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Many retirees rely on Social Security for income, but even basic concepts about the government program are frequently misunderstood.
According to the Nationwide Retirement Institute’s 8th Annual Social Security Consumer Survey, nearly 90% of American adults are at least somewhat confident in their knowledge of Social Security.
Despite this, the survey finds that many Americans are unaware of their eligibility age, how payments are calculated, and other important details.
In April and May 2021, the Nationwide Retirement Institute polled nearly 2000 Americans aged 25 and up to reach its conclusions.
Here are a few of the misconceptions about Social Security that many people have.
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While 54% of Americans who have not yet received Social Security benefits believe they know how to maximize their benefits, this belief may be unfounded.
Only 6% of people could name all of the variables that go into determining a person’s maximum benefit.
According to the IRS, those factors are as follows:
- Your earnings have been indexed over time to reflect changes in average earnings.
- When you start claiming Social Security early, either at full retirement age or after it has been deferred,
- Cost-of-living adjustments begin at the age of 62, whether or not you are receiving benefits.
- Whether or not you have a pension from a government job
Child and spousal benefits
Spousal and child benefits are important features of the Social Security program, but it appears that 30% of Americans are unaware of their existence.
Spouses and dependents can claim benefits from a person’s Social Security record in a variety of situations.The details can be found in 7 Social Security Benefits You Might Be Ignoring.
Protection against inflation
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Inflation raises the price of goods and services over time, and Social Security provides inflation protection through annual cost-of-living adjustments.
COLAs, or cost-of-living adjustments, are based on the federal Consumer Price Index for Urban Wage Earners and Clerical Workers.In 2021, Social Security recipients will receive a 1 percent increase.Some predict that the COLA for 2022 will be the largest in a decade, with a 3% increase in benefits.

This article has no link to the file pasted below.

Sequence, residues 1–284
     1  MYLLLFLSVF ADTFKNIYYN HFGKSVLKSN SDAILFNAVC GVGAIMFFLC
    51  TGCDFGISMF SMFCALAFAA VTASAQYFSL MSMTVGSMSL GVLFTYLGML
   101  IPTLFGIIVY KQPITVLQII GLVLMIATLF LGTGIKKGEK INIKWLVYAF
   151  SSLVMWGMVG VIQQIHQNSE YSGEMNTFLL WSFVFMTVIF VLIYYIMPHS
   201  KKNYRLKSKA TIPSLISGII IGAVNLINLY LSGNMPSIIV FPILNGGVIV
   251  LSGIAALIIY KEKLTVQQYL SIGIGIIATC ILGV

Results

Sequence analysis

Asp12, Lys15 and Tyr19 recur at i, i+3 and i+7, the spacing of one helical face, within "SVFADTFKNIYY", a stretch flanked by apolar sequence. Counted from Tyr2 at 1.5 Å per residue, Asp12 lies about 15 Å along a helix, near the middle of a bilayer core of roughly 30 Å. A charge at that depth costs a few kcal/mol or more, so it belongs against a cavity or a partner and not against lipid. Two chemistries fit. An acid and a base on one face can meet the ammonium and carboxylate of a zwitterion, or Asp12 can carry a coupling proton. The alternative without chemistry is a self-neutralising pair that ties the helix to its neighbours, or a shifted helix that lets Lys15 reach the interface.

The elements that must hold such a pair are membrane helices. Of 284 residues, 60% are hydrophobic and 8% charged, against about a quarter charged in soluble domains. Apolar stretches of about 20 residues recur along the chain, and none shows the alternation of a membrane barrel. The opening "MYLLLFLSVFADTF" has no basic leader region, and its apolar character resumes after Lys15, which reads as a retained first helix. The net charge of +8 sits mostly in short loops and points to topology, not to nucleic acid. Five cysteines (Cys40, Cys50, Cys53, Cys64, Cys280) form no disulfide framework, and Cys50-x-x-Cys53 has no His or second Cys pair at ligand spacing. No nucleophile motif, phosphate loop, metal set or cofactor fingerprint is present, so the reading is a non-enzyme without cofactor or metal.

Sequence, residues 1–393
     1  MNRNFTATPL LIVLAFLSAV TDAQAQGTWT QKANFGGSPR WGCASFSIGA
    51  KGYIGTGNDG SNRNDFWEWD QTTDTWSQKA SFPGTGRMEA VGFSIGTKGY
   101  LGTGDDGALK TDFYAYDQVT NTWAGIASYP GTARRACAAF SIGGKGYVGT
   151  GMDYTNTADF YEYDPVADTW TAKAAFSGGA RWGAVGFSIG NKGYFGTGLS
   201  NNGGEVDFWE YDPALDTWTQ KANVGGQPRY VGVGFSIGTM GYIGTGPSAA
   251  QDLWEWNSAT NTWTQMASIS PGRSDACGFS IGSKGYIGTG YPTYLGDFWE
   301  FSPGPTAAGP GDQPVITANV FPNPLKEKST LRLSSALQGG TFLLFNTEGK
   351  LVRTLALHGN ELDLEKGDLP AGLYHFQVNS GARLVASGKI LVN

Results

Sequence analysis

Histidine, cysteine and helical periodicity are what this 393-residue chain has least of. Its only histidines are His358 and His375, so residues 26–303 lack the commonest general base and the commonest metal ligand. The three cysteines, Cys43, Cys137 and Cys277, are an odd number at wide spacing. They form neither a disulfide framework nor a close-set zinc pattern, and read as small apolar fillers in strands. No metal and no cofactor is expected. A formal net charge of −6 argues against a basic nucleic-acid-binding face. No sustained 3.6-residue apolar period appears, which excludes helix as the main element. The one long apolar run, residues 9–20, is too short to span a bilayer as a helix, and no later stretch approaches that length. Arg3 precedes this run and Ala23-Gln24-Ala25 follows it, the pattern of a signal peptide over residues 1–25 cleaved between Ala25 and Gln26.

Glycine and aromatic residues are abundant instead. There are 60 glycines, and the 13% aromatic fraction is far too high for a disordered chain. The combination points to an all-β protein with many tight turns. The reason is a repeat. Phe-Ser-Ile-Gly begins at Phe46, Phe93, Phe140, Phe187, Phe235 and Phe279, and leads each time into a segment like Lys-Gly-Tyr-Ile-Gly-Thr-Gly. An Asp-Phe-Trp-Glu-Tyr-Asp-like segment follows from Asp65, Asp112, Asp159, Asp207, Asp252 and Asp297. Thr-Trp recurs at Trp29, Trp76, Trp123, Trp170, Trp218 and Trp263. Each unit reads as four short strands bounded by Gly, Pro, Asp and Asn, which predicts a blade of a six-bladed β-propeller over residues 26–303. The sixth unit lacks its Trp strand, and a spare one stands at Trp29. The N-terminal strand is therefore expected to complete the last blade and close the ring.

Despite all of the attention paid to these annual increases, according to the Nationwide Retirement Institute, 37% of Americans are unaware that Social Security provides inflation protection.
Age of eligibility
When are you eligible for full Social Security retirement benefits? That depends on when you were born, according to 39% of respondents in Nationwide’s 8th Annual Social Security Consumer Survey.
At the age of 62, anyone who is eligible for Social Security benefits can begin claiming benefits.However, if you do, your monthly payments may be reduced by up to 30%.You must wait until you reach full retirement age to receive the full amount.This is based on the year you were born.
- If you were born between 1943 and 1954, your full retirement age is 66.
- In 1955, I was 66 years old and 2 months old.
- 1956, I was 66 years old and 4 months old.
- In 1957, I was 66 years old and 6 months old.
- In 1958, I was 66 years old and 8 months old.
- 1959, at the age of 66 and ten months
- 1960 and subsequent years 67
After early payments, there will be no adjustments.
Nearly half of all Americans – 45% – believe that claiming Social Security benefits early will increase their monthly payments when they reach full retirement age.
That is not the case.
If you choose to begin benefits before reaching full retirement age, your monthly checks will have a lower base amount than if you had waited.Although continuing to work may increase it, that lower base is usually permanent.
You will receive annual COLA increases regardless of your age when you claim benefits.
Amount of payment
If you don’t know how much money you’ll have in retirement, it’s difficult to plan properly.51% of those who have not yet begun receiving benefits have no idea how much their Social Security payments will be.
While the amount of your benefit won’t be finalized until you’ve finished working, it’s simple to figure out how much you’ll get.To see a history of your earnings and an estimate of benefits at full retirement age, create a my Social Security account on the Social Security Administration website.
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